Subject of Pending U.S. Supreme Court Case: Forced Union Dues For Harmful ‘Representation’

Along with a California Teachers Association (CTA/NEA) union lawyer and U.S. Solicitor General Donald Verrilli, California Solicitor General Edward DuMont will be arguing for the respondents in Friedrichs v. CTA on January 11, when the High Court hears oral arguments in the case.

Friedrichs challenges state laws authorizing union bosses to get teachers and other public employees fired for refusal to join a union or bankroll its bargaining activities.  Up to now, federal courts have acknowledged forced union dues and fees in the public sector infringe on independent-minded employees’ First Amendment rights, but found they are nevertheless constitutionally permissible inasmuch as they help maintain “labor peace” in government workplaces.

DuMont’s latest legal argument so far was submitted to the High Court in early November on behalf of California Attorney General Kamala Harris. It was extraordinarily blunt about the fact that union monopoly bargaining, in the private and public sectors alike, routinely harms substantial numbers of employees economically.

While contending that public-sector union forced unionism “furthers important state interests,” the California attorney general’s brief admitted that union officials “do have substantial latitude to advance bargaining positions that . . . run counter to the economic interests of some employees.”  (See the link below to read DuMont’s entire filing.)

Indeed, top bosses of the National Education Association teacher union, the parent union of the CTA respondents in Friedrichs, do not even try to conceal the fact that they do everything in their power to block higher compensation for certain teachers in cases where school officials would likely offer it if they had a free hand.

For example, the official NEA Handbook, in one passage quoted by the teacher plaintiffs in Friedrichs in a High Court brief, explicitly states that the union officialdom “opposes providing additional compensation to attract and/or retain education employees in hard-to-recruit positions.”  The plaintiffs also quoted this union-boss admonition from the same source:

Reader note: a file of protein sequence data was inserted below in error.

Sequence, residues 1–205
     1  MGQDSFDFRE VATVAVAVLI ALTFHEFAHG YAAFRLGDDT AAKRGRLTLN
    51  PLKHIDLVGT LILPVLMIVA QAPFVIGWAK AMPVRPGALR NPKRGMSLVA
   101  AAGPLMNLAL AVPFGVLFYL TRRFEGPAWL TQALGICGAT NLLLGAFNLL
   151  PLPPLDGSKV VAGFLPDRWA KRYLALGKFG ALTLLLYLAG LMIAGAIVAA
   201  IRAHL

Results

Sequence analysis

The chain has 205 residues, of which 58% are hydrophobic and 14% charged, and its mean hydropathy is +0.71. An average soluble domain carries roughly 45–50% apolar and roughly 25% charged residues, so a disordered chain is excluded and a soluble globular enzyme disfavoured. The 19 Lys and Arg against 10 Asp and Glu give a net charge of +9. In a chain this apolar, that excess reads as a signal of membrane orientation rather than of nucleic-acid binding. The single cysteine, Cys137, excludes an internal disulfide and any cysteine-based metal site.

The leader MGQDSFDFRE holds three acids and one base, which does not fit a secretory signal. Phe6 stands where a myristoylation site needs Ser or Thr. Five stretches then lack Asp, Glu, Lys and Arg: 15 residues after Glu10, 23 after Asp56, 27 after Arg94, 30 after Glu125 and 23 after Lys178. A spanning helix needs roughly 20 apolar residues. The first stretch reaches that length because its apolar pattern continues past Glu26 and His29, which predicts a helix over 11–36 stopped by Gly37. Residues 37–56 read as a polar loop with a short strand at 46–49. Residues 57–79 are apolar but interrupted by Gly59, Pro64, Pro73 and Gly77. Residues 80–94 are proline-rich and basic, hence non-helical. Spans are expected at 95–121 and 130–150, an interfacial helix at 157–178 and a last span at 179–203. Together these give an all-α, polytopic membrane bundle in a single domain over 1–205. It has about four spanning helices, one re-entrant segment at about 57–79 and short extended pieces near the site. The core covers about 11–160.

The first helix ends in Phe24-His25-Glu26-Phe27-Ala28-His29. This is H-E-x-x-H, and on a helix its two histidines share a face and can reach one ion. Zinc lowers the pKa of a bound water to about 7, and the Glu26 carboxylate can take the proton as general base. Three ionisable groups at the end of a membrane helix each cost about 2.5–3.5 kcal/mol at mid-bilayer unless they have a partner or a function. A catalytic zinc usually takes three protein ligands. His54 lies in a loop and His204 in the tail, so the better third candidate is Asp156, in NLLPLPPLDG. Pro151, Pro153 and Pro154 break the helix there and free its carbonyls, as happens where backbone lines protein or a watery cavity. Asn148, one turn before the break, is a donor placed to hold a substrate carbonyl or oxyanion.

[The NEA hierarchy] further believes that performance pay schedules, such as merit pay or any other system of compensation based on an evaluation of an education employee’s performance, are inappropriate.

Effectively, Harris and DuMont told the Supreme Court that it’s okay for teachers (and other public employees) whom Big Labor harms by exercising its monopoly-bargaining privileges to be forced to pay union fees, or be fired, as long as the employees are harmed in what Harris and DuMont regard to be a “reasoned” manner!

This is the position that the CTA union lawyer and the U.S. solicitor general, as well as DuMont, will have to defend before the nine Supreme Court justices next month.

Of course, Big Labor California politicians and teacher union officials are not unaware of the simple fact that what they are really defending in the Friedrichs case is their prerogative to force educators who are economically harmed by union bosses’ bargaining activities to bankroll those activities as a condition of employment.

Why, then, won’t union lawyers who have weighed in on Friedrichs as well as union officials themselves even describe accurately how monopoly bargaining works in practice in communications directed at the public at large?  The obvious answer is that, if Big Labor made a habit of admitting the truth as its allies Kamala Harris and Edward DuMont did in their brief to the Supreme Court last month, mounting a public defense of the appropriateness of compulsory union dues and fees would be impossible.

California Attorney General Kamala Harris is on the same side as Big Labor in a case the U.S. Supreme Court will hear next month regarding the constitutionality of government-sector forced union dues and fees. But in a brief to the High Court she and her legal team had to admit: Union officials “do have substantial latitude to advance bargaining positions that . . . run counter to the economic interests of some employees.” Image:

Brief of respondent Attorney General of California filed.